Some frustrated migrants are giving up and going home because they say new rules make it harder to work and stay in New Zealand.
In the year to April, more than 30,000 non-New Zealand citizens who had been here on a permanent or long-term basis left this country – up 23 per cent on the year before, according to Statistics NZ.
As a result, annual net migration is down 4800 from a high point a year ago. Most were temporary migrants who arrived on student and work visas, experts believe.
Immigration policy changes introduced last year have made it harder for temporary migrants to gain residency.
“There is less enthusiasm for post-study options for international students, who are defined as permanent and long-term if they have been in New Zealand for more than 12 months,” said Massey University sociologist and immigration expert Professor Paul Spoonley.
“But the Government has signalled that the labour market test is under review. This signals an intention to require employers to seek New Zealand workers before recruiting immigrants… particularly true for some areas such as hospitality and retail.”
Spoonley said it was definitely the departures of non-New Zealand citizens that had contributed to the declining immigration numbers.
Donny Lai, 50, a former university lecturer from Hong Kong, will next week be returning home with his wife and young son after three years of struggling to secure a decent job.
Lai describes himself as a “highly qualified IT professional” ande moved here in April 2015 because he believed the education system here was better for his 9-year-old son Justin.
But after sending out hundreds of job applications, the only work he could find was as a low-paid teacher in a private training establishment.
“We still love New Zealand, but it is just simply not possible to settle here when you cannot find a proper job,” Lai said.
“The job market here is also too small for highly skilled people like myself, which is quite ironic because that is what immigration gives points for under the skilled migrant category.”
Lai said most employers also would not give migrant workers who did not have local work experience a chance.
Kary Chung, 23, who last year told the Herald new rules made it impossible for her to meet visa requirements under the skilled migrant category, returned to Hong Kong for good last week.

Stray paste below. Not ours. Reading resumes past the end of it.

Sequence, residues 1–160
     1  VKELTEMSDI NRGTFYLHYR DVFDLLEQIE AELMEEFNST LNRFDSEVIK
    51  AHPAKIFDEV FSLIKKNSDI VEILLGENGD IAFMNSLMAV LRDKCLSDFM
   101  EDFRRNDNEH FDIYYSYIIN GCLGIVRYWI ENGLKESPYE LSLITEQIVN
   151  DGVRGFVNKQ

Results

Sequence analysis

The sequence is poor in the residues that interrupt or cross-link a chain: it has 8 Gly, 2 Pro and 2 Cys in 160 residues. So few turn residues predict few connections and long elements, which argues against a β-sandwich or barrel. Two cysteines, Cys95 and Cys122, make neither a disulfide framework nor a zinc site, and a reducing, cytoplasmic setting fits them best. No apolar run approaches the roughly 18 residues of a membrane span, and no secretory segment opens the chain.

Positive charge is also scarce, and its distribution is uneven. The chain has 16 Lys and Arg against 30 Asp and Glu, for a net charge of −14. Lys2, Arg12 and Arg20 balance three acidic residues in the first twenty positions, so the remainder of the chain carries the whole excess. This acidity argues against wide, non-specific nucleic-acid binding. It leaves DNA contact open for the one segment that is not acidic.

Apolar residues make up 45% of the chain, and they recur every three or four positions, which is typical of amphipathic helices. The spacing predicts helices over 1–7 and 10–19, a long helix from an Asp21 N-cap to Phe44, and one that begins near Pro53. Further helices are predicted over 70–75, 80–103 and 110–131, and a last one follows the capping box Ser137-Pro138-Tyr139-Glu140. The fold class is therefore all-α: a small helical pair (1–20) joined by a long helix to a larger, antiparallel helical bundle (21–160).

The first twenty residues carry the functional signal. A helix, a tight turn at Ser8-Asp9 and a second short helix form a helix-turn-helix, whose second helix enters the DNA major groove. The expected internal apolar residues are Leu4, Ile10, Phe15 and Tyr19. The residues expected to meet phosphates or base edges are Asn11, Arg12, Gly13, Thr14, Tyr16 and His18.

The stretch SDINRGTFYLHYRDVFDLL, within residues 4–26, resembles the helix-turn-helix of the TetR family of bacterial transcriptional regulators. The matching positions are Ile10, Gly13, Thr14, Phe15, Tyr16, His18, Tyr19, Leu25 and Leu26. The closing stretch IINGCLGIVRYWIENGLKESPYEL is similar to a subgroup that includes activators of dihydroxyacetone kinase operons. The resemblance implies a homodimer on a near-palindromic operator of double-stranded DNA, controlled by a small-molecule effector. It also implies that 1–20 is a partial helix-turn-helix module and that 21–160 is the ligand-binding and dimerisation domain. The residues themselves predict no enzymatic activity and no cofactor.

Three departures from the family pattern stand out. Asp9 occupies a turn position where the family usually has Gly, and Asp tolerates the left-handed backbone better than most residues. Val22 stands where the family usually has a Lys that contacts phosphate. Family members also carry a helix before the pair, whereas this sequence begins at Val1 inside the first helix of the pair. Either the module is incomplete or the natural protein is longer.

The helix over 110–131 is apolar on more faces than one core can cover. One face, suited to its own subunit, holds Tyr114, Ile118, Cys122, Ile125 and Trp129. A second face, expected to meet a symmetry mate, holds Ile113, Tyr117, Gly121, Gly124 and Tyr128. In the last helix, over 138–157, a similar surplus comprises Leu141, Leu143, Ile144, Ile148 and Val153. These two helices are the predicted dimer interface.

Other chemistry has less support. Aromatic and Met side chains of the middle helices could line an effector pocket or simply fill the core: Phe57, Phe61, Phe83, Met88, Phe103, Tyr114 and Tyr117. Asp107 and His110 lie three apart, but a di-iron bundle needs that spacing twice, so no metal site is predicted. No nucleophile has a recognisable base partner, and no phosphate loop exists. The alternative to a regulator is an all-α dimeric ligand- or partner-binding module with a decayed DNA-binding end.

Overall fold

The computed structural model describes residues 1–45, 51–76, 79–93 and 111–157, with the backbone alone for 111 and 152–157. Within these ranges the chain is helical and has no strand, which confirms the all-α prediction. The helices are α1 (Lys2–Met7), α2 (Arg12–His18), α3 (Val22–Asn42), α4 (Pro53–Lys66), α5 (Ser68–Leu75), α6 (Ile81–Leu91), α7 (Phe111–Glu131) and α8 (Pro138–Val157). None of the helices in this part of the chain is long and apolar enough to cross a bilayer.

Chung first came to New Zealand as a student at Takapuna Grammar School and last year graduated with a Bachelor of International Hospitality from AUT. She had been in the country for almost seven years.
Policy changes, which came into effect on January 15, meant migrants must be paid at least $24.29 per hour to be considered in skilled employment. Pathways to residence for temporary migrants have also been cut back.
Chung’s partner Ivan Shum, 24, a Massey University business graduate who also arrived as a high school student at Takapuna Grammar, also left the country permanently yesterday.
Spoonley said there were many “frustrated immigrant job seekers” who were giving up on New Zealand.
He said there remained a reluctance among small to medium enterprise owners to consider any applicant who did not have local experience.
Immigration Minister Iain Lees-Galloway said this was a “flow-on effect” of the high migration that occurred under the previous Government.
“What we’re seeing here is a significant cohort of temporary migrants and those on student visas with post-study work rights leaving the country as their visas expire,” Lees-Galloway said.
“I don’t accept that immigration should necessarily fill shortages in industries like hospitality and retail when the underemployment rate remains high at around 12 per cent, meaning there are plenty of New Zealand workers looking for more work.”
Lees-Galloway said the Government remained committed to making sure the immigration system works for New Zealand.
The Government’s plans on how the system would be better targeted for the growth of regions and industries would be announced soon, he said.
“It is clear that there are industries that are key to this country’s growth, like construction and dairying for example, that need migrant workers especially in our regions,” said Lees-Galloway.
“We remain committed to ensuring that when businesses have a genuine need for skilled migrant workers that they’ll get the workers they need.”
Eric Chuah, founder of Cultural Connections, said sometimes migrants faced difficulties because they were not fully aware of the services and organisations out there to help them settle and find employment.
In 2014, Chuah started the ANZ Migrant Expo when he was head of migrant banking at the bank. The next expo will be held on June 16 at The Cloud, which will focus on employment and start-up business.
“The expo serves as a single platform to help migrants access the info they need, and connect with the right organisation for opportunities, upskilling and networking,” Chuah said.
Restaurant Association chief executive Marisa Bidois said it would be a worry for the industry if New Zealand became less attrative to migrant workers.
“As long as we are still able to access the required workers through temporary visas, the trend is not alarming yet,” Bidois said.
“However if the decline continues and New Zealand becomes a country that is for whatever reason less attractive to overseas workers, this could up significant pressure on an already challenging recruiting environment.”
The net migration gain of 67,000 migrants for the April 2018 year returns migrant flows to a level last seen two years ago.
The gain for the year was made up of 130,500 arrivals and 63,400 departures.
“Interestingly, the number of arrivals increased in the April 2018 year, so it is the larger increase in departures that drove the lower net migration level,” population insights senior manager Brooke Theyers said.
More than 98,000 non-New Zealand citizens arrived but more than 30,000 non-New Zealand citizens left over the same period.